You can create unique and elegant imagery by adding textures to your photos in Photoshop. It can be quite time consuming to do it manually by opening the texture, draging and droping it into your image, and changing the layer blending mode. If you want to add another texture, you have to repeat the steps.
There is a much faster way to accomplish this, and that is by adding textures in an automated Photoshop action. This is how to do it.
Open a texture in Photoshop. Make certain the resolution is high, I make mine at least 4,500x3,600 pixels. In Photoshop go to Edit > Define Pattern. Name your new pattern and click OK.
Creating your texture action
Open an image and make certain your Actions palette is active. Click on Create New Action and name your action. Click Record.
Now you are recording your steps in Photoshop. The first step is to duplicate the image so that you're not working on an original photo. Go to Image > Duplicate.
Next, duplicate the background layer, ctrl/cmd-J. Click on Create New Fill or Adjustment Layer button at the bottom of your Layers palette. From the pop-up menu select Pattern, and select the pattern you just created. Now change the layer blending mode of the pattern layer to Soft Light.
The next step is to Rasterize the pattern layer. Make certain that your Pattern layer is selected, and click on Layer > Rasterize > Layer. The reason for doing this is so that you can use Photoshop’s Free Transform tool (ctrl/cmd-T) to resize the texture if you need to, after the action has finished.
Now go to your Actions tab and stop the action. Run the action on an image to test it.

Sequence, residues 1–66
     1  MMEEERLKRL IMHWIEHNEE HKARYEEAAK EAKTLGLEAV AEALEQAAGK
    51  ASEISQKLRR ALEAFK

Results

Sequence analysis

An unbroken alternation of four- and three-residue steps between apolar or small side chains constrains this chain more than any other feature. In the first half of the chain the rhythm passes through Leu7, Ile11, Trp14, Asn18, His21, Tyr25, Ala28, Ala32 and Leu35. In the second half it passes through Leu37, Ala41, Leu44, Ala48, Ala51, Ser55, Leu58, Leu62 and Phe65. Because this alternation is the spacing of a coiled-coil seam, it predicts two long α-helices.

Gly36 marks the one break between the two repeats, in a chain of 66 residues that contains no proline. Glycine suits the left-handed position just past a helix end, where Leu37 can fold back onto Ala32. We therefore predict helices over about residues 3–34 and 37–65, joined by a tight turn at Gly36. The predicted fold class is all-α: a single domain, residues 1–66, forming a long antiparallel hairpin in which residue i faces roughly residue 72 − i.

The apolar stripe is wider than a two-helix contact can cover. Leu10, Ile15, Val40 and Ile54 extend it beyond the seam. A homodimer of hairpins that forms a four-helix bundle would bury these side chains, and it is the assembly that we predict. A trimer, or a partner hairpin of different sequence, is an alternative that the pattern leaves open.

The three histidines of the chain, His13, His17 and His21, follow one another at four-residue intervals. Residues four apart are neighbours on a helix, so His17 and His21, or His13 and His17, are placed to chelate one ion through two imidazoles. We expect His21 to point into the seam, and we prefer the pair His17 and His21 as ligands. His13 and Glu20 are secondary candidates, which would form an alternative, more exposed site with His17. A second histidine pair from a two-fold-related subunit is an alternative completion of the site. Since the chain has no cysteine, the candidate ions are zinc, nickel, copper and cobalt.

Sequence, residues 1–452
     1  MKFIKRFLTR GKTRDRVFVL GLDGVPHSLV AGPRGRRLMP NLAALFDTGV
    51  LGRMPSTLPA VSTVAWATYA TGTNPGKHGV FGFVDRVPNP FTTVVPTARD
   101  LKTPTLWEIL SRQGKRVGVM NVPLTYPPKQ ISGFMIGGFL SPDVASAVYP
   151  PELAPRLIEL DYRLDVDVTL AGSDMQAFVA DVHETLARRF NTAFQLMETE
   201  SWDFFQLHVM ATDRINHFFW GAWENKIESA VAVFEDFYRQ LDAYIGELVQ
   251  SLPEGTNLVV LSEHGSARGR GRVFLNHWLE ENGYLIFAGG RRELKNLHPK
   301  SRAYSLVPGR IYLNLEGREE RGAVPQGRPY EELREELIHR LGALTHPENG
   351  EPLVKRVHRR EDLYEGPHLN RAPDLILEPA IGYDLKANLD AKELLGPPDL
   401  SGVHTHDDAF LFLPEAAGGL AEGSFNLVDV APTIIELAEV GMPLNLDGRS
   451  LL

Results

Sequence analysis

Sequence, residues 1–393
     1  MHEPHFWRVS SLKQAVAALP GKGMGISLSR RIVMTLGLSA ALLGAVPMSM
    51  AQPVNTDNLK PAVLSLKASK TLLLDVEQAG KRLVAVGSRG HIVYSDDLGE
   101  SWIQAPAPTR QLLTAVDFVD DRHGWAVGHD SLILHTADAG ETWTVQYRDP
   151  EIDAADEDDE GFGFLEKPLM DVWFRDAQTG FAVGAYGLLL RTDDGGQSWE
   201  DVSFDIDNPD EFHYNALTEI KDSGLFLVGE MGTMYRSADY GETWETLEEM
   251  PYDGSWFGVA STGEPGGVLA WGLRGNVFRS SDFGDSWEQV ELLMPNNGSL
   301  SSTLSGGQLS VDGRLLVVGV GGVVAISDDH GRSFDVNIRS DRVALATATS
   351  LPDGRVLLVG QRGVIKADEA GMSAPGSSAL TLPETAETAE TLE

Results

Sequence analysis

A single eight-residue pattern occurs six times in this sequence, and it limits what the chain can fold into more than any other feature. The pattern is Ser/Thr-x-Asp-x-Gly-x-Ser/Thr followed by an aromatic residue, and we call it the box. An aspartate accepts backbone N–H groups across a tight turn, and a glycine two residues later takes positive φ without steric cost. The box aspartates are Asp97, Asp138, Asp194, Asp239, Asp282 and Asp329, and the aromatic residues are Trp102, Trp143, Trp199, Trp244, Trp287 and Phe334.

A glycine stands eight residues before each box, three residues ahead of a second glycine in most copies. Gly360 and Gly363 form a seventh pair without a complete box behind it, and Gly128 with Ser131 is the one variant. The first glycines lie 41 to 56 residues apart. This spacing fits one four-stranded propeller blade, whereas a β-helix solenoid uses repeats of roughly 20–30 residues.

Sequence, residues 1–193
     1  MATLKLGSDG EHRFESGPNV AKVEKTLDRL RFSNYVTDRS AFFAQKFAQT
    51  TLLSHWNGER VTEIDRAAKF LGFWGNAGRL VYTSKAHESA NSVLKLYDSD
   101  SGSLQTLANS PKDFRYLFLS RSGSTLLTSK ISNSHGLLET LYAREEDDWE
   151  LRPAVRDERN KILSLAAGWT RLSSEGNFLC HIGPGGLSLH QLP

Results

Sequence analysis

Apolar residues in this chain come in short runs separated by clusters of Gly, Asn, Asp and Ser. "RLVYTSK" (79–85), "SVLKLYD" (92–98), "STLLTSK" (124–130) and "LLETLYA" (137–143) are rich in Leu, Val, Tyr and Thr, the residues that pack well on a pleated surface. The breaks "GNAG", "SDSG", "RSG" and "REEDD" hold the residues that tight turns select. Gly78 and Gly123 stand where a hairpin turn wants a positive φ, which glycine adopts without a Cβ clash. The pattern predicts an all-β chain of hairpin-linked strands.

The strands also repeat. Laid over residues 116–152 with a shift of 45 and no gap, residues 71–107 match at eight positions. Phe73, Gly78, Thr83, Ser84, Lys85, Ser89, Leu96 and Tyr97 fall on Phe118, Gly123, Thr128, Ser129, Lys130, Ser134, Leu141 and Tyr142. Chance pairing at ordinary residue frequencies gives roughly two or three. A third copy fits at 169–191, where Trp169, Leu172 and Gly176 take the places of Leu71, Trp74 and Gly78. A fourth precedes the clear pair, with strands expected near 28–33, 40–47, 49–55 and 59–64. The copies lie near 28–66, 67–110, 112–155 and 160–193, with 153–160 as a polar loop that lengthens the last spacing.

I usually use two to five textures in an image. You can turn many of your favourite textures into Photoshop patterns using this technique, and then add them using this action. When a texture doesn't work with an image, you can simply delete that layer or turn it off.
Experiment with different texture combinations and layer blending modes
The layer blending mode I use most often is Soft Light, but I sometimes use Overlay or Hard Light, and reduce the opacity of the texture layer.
You can also have a duplicate of your photo on top of your textures in the layers palette and change the layer blending mode of the duplicate to soft light. This will give you a different effect.
Brush away, re-size, Gaussian Blur
You can easily brush on your textures layer mask to reduce its effect anywhere in the image. I usually brush away most of the texture from people in an image.
I use one of Photoshop’s standard soft brushes and set the opacity to about 60% then brush away the texture and/or reduce the opacity of the texture layer.
Sometimes it’s faster to drag part of the texture off of the image using the Free Transform tool.
If you apply Gaussian Blur (Filter > Blur > Gaussian Blur) to any of your texture layers when they are in the Soft Light or Overlay blending mode, it will nicely soften the texture and give your image a smooth look. I sometimes do this to one texture, while leaving other textures alone.
Add a black and white adjustment layer
By adding a black and white adjustment layer you will not only see if black and white suits your image. You can reduce the opacity of the layer and have some color showing through for an antique color effect.
Gavin Phillips has been developing complex Photoshop actions for photographers for over 12 years. Professional Photographer magazine readers receive a 60% discount on the latest set of 'Vintage Color' texture actions.